Copyright Jumps the Shark: The Music Modernization Act

31 Pages Posted: 14 Nov 2019

Date Written: August 31, 2019

Abstract


The Music Modernization Act (“MMA”) codifies a host of compromises and licensing arrangements worked out among music publishers, record labels, and digital music services. It adds an extremely voluminous, complex, and detailed licensing regime for mechanical copies of musical works that is of particular importance to digital music services and music publishers. Promoted as a way to reduce transaction costs, the blanket license facilitates the use of all musical works, even those works whose copyright owners cannot be located. The MMA also brings pre-1972 sound recordings into the federal copyright regime, and importantly subjects those sound recordings to the statutory licensing available under the Copyright Act. These innovations will aid the current state of rights surrounding digital music streaming services.

However, despite being promoted as a way to bring more equal treatment to the industry, in many ways the MMA increases the disparity in treatment between musical work copyright owners and sound recording copyright owners. While ultimately the royalties received by those two groups of copyright owners will likely become more similar, the way the MMA achieves that result is not through an equal treatment of the different copyrights. Additionally, while owners of pre-1972 sound recording rights will now have federal statutory rights that are similar to those enjoyed by owners of post-1972 sound recordings copyrights, in many ways the artists that created those different works are treated quite differently.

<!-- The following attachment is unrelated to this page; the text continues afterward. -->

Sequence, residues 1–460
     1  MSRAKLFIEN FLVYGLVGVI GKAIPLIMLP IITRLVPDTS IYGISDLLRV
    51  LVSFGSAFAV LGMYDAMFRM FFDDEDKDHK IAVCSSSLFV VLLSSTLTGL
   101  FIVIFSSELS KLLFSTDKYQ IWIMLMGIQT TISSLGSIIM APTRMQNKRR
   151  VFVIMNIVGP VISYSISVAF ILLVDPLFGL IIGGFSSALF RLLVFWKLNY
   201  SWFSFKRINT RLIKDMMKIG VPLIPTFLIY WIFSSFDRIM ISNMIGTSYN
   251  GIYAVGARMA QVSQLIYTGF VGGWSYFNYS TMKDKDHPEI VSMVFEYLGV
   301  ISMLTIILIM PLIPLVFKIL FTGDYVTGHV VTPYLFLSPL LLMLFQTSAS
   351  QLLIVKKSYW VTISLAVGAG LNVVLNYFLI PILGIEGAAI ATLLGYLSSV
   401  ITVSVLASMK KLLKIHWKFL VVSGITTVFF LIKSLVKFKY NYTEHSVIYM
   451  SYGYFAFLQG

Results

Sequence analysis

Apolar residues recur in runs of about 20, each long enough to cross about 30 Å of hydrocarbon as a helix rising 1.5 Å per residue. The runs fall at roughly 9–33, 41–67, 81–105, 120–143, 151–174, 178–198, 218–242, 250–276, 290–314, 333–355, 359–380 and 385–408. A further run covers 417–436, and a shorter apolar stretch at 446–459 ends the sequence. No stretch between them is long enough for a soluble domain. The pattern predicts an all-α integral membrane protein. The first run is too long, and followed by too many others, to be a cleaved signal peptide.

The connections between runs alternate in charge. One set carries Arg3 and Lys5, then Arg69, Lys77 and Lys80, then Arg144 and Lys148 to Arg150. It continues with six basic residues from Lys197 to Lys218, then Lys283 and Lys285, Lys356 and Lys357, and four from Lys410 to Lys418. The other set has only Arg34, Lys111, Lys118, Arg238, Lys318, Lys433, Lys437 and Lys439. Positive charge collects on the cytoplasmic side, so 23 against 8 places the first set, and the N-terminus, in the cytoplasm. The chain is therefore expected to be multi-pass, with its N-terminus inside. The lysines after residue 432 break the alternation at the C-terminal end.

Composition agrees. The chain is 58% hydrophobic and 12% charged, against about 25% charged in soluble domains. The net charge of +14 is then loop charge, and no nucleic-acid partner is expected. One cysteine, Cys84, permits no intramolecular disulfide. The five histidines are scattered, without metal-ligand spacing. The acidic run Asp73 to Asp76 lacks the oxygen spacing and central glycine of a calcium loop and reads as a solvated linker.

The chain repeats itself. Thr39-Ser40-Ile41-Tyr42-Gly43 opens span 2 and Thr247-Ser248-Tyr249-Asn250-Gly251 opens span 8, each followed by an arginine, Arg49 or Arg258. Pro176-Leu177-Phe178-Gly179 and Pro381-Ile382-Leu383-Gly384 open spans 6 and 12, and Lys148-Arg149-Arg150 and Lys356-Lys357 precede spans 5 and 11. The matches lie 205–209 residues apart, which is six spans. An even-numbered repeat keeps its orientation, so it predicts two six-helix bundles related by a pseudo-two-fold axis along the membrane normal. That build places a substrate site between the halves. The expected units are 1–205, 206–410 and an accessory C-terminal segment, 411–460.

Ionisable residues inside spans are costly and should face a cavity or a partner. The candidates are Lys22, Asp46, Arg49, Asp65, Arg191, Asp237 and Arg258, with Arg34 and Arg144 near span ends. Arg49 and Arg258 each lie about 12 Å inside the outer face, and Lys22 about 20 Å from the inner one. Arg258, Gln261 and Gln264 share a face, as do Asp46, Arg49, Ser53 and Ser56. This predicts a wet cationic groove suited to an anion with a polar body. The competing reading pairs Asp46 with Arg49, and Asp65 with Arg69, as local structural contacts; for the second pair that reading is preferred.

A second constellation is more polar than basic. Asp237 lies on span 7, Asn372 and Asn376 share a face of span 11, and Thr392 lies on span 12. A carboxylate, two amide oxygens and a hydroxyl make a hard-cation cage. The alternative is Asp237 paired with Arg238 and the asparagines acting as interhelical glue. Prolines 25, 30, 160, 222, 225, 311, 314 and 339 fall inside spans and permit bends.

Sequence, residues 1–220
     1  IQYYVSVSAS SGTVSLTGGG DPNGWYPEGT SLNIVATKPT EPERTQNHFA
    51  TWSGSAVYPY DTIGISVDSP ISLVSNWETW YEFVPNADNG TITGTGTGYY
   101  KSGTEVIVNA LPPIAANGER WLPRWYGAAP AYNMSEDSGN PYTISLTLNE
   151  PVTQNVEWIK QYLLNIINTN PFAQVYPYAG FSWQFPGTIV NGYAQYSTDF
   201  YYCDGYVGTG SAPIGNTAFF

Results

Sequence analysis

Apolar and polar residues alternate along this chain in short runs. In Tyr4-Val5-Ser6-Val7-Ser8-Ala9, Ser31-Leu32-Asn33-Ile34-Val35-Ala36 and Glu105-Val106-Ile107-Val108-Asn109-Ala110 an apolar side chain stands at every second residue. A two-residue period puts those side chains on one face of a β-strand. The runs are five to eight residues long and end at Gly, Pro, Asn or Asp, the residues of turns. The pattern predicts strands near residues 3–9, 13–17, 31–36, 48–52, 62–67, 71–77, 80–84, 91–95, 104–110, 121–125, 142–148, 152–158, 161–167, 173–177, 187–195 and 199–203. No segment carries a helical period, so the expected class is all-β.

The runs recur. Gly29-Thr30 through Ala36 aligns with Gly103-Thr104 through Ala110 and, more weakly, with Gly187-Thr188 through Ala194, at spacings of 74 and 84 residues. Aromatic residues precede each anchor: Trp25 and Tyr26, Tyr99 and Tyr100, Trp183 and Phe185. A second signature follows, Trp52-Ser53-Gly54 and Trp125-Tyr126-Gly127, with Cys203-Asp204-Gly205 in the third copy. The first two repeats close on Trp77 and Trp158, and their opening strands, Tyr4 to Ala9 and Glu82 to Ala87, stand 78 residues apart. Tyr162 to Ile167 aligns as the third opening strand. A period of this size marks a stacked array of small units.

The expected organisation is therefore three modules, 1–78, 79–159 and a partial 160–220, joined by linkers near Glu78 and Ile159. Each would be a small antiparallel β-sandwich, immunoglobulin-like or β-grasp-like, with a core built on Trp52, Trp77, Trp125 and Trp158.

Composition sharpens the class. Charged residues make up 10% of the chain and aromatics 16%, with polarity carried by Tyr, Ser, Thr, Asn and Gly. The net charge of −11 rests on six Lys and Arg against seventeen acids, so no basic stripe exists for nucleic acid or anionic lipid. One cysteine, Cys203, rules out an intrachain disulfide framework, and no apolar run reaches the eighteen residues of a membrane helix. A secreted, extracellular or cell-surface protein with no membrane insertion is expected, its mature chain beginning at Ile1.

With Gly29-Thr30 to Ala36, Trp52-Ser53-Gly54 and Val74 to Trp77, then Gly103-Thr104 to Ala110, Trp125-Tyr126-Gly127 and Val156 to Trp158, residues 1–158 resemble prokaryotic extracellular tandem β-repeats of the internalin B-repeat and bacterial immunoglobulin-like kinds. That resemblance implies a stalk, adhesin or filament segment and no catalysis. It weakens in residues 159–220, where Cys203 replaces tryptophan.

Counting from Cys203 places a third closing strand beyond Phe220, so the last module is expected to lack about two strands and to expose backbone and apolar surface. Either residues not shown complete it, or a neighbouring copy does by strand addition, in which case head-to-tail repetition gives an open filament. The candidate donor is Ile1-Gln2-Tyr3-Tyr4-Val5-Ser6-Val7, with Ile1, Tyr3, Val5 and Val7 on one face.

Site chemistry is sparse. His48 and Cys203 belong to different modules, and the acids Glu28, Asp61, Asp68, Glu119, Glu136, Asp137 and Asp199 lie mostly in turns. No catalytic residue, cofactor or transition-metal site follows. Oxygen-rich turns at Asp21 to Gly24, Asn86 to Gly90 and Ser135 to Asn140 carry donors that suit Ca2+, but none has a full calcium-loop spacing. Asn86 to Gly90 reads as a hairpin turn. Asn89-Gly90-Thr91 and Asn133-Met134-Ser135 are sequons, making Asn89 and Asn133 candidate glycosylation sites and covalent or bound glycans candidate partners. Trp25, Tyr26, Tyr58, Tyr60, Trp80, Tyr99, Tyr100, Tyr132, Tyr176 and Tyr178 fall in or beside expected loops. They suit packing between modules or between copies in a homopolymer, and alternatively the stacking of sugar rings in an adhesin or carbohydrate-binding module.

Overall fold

A special thank you to Professor Wendy Gordon, whose lifelong dedication to the field of copyright law has enriched the field for decades, and in whose honor this symposium issue of the Boston University Law Review is dedicated. Revisiting her body of work provided a variety of lenses that have helped organize the analysis of the MMA presented in this Article.

Keywords: Copyright, Music, Music Modernization Act, Streaming

JEL Classification: O34, K20

Suggested Citation

Loren, Lydia Pallas, Copyright Jumps the Shark: The Music Modernization Act (August 31, 2019). Boston University Law Review, Vol. 99, 2019. Available at SSRN: https://ssrn.com/abstract=3481413

Lydia Pallas Loren (Contact Author)

Lewis & Clark Law School ( email )

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Portland, OR 97219
United States
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